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REVIEW.

REVIEW Ballet Lake Swan Playhouse Whitley Bay By Connie Rusk Moscow Ballet La Classique took to the stage to perform a breathtaking production of Swan Lake at Playhouse Whitley Bay this week.

Little girls in their best dresses clutched their mothers' hands, voices high and excitedly squealing as they waited for the theaRtre to open.

As the red, velvet curtains opened, they saw the first glimpse of the ballerinas, who stood on stage in ball gowns and royal wear to mark Prince Siegfried's 21st birthday.

Then they began to dance. Each move was performed with skill and precision, and there was a fluidity between the drama of Tchaikovsky's music and the beauty of the ballerinas dancing.

The biggest applause of act one was for the fool, Maxim Marnin, whose admirable athleticism saw him perform a number of pirouettes while the chorus of dancers moved in synchronicity.

When the swans first made their appearance, disguised behind scenery of woods and smoke, the fun and laughter from the audience in the previous scene vanished.

It was when Odette, the White Swan, appeared that the theatre was truly enchanted. As the lead female, Nadejda Ivanova danced among a sea of white feathers and tutus.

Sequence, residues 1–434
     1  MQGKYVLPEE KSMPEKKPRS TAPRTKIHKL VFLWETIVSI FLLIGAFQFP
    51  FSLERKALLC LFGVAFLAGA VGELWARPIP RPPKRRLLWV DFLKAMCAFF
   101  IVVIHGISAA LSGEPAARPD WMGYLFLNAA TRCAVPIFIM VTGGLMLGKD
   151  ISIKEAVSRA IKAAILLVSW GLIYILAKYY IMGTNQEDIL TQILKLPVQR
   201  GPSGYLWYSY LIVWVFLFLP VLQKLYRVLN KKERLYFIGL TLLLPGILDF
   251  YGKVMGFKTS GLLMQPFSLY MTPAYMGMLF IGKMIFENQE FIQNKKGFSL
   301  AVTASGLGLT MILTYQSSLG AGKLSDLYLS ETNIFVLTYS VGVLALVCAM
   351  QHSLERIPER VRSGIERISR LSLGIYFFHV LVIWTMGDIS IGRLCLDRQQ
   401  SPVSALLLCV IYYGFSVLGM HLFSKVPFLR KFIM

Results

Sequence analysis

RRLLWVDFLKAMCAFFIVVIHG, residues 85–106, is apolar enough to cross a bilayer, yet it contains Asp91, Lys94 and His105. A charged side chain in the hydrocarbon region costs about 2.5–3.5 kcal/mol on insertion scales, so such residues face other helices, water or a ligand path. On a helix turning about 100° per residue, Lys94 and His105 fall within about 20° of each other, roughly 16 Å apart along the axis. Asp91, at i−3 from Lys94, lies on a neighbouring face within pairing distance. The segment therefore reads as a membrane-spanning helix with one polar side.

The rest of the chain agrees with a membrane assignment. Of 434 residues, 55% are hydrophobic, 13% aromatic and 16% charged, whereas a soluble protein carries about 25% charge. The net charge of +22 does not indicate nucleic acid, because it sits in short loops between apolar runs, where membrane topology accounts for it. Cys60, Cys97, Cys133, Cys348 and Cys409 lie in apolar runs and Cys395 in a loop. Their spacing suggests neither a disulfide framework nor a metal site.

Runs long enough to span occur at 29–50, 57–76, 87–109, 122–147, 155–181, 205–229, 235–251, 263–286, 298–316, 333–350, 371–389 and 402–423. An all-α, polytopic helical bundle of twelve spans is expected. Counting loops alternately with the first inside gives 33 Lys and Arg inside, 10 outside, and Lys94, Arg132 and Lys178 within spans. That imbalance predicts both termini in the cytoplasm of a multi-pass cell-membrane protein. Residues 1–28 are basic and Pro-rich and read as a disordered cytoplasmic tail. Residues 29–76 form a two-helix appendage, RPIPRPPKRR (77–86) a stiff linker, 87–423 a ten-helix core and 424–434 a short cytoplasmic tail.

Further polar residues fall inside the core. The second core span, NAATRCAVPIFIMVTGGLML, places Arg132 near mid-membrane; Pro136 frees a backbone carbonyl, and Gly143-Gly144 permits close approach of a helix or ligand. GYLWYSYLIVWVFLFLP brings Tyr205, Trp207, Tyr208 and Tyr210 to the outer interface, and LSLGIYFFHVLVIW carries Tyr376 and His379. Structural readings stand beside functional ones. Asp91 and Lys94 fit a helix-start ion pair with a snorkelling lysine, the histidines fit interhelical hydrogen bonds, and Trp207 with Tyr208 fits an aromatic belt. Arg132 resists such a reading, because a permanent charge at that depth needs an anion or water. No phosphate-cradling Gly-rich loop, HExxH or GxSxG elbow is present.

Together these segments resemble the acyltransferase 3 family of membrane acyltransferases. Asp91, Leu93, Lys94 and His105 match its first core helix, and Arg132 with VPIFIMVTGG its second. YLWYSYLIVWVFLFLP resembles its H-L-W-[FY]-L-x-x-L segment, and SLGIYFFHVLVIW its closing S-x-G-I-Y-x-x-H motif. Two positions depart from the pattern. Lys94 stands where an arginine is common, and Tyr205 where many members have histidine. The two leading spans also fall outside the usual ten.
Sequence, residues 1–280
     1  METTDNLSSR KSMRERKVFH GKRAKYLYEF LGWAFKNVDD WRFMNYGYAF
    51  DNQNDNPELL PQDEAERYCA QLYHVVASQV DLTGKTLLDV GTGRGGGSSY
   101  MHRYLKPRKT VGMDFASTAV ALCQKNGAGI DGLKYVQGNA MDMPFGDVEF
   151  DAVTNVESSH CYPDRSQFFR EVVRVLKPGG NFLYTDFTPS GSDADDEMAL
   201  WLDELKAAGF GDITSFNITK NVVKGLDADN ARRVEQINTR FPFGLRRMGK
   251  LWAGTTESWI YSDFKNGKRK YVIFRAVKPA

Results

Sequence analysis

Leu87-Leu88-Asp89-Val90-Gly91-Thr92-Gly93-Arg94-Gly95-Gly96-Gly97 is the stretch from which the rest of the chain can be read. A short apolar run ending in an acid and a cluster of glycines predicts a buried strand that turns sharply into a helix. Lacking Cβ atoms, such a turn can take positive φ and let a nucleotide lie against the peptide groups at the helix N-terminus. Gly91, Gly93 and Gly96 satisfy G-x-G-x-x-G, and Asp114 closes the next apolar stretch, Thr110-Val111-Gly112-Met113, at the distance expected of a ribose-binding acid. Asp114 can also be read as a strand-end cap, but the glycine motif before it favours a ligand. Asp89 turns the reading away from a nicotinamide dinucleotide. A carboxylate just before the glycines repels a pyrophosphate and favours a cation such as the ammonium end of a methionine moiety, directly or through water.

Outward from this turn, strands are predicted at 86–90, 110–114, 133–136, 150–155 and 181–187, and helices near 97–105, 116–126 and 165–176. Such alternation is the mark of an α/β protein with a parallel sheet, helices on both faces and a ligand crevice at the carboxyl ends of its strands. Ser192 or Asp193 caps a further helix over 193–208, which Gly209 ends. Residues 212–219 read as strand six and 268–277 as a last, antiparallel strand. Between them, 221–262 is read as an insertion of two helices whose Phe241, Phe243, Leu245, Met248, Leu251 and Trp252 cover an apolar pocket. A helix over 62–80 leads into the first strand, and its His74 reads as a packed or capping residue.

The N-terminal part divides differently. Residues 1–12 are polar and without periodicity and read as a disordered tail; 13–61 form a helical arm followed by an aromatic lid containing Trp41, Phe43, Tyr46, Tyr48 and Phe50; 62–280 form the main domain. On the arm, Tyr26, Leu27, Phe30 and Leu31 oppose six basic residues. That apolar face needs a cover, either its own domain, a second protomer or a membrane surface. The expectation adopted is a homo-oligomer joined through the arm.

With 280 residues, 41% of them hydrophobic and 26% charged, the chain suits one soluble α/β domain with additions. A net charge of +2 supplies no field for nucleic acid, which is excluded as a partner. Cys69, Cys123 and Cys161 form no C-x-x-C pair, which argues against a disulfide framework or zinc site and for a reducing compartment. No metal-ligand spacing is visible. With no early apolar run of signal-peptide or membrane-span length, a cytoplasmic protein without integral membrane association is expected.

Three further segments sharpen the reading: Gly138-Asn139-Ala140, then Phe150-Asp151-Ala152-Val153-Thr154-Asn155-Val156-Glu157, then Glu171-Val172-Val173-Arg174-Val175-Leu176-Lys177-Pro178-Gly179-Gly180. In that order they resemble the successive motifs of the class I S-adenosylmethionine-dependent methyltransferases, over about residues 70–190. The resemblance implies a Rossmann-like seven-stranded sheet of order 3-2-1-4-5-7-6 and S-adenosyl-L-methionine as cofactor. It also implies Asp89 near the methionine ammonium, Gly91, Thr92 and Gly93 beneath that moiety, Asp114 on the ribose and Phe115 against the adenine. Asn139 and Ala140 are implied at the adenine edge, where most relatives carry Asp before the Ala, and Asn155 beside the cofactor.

After the interval, Nadejda transformed into the black swan, Odille, accompanied by evil sorcerer, Von Rothbart, as she tries to win the Prince's affections.

The show ended on a high note, when the Prince, Aleksandr Tarasov, fell in love with the White Swan, Odette, breaking the spell cast on her. As the evil magician, Von Rothbart, dramatically dies and then log rolls to the back of the stage, sniffs are heard in the audience, as true love had been found at last.

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Title Annotation:Features
Publication:Evening Chronicle (Newcastle, England)
Date:Nov 19, 2014
Words:283
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